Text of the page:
The Great British Baking Show has returned to Netflix, officially marking the end of summer. But for a certain demographic of Instagram and Facebook users, judge Paul Hollywood is always in season. In the tent, the silver-haired, 57-year-old bread expert strikes fear and doubt into the hearts of contestants. But online, his baking tips and advice appear to provoke a different emotion: abject horniness.
Hollywood maintains an active presence across Instagram and Facebook, where he has 585,000 and 525,000 followers respectively. On both platforms, the baker will valiantly attempt to post a recipe or an earnest update about his professional life, and someone (typically a middle-aged woman with a cartoon rabbit sipping tea as her profile picture) will comment “you can knead my biscuits any time” under her full government name.
Scroll through the comments on any Hollywood social media post, and you’ll find endless fawning over the judge’s piercing eyes (“Mesmerizing blue eyes! Handsome!”) alongside absolutely feral declarations of lust (“He can eat his way around me if he likes”) that could easily be dismissed as the spammy ravings of Instagram sexbots were they not attached to profiles of real women, most of whom appear to have husbands and/or children.
If you, like me, figured this thirstiness must be a holdover from something Hollywood did earlier in his career—because it certainly doesn’t make sense when applied to the Paul Hollywood we see on the show—you’d be wrong. Hollywood has been a judge on The Great British Baking Show (known in its home country as The Great British Bake-Off) and its various offshoots for the past thirteen years. He’s been the sole fixture among an otherwise ever-shifting cast of hosts and other judges. While he co-hosted shows on Carlton Food Network and Taste CFN prior to this, he was best known for his cookbooks, and before that worked at a number of prominent bakeries.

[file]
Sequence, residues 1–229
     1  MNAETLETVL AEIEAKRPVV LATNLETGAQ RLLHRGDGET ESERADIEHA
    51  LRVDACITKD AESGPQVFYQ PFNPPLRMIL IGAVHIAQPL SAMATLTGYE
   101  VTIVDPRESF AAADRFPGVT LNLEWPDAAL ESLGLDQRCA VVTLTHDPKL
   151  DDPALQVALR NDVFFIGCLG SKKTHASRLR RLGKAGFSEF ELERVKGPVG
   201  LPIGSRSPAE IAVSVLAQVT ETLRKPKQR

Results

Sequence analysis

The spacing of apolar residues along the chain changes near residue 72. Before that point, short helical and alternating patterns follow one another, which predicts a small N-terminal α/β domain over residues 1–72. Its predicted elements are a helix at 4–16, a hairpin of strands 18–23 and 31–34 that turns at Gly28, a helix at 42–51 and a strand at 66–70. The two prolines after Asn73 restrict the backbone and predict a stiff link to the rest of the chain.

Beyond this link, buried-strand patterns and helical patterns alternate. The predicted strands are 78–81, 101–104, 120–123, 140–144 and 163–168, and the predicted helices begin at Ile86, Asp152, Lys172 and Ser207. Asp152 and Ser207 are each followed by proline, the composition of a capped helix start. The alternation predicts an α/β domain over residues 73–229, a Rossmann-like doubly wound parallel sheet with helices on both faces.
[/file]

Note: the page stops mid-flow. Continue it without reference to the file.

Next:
That being said, his lothario reputation is not entirely unearned. In 2013, Hollywood’s affair with Marcela Valladolid– his co-star on American Baking Competition, an early, ill-fated U.S. Bake-Off spin-off—resulted in his (first) split from then-wife Alex Hollywood. After a brief reconciliation, the two divorced for good in 2019. “My own marriage was too over seasoned with extra marital affairs for my taste,” Alex later wrote on Instagram, “and so I opted out and chose the single menu instead.”
But this has not deterred the Sandras and Cathys and Ritas of the world, who continue to comment on his posts with a motherly intimacy that borders on the Jocastal.
“I wonder what you are thinking, it seems like something sad,” wrote one Instagram commenter, who returned a week later to add, “I keep going back to look at this picture of you and it haunts me, you look so sad.”
The dedication of the Paul Hollywood fandom is so palpable that scammers have attempted to use it to their advantage. On both Instagram and Facebook, fake Paul Hollywoods have proliferated, duping superfans with cunningly deceptive comments like, “Hello, how are you doing today?… It’s me Paul Hollywood.” It’s become enough of a problem that fans have taken it up with the (real) Paul himself.
“Wow what a scam,” he replied. “Please report and name and shame.”
Scammers aside, the Hollywood fandom is a happy one, and their unbridled lust should be celebrated. While more current fandoms have begged their celebrities to run them over with cars, the desires of the Hollywood fandom remain as sweet and simple as the Bake-Off itself: “Certainly wouldn’t kick you out of bed for getting crumbs in it 😜😍🔥😂” a commenter wrote. Now that’s real love.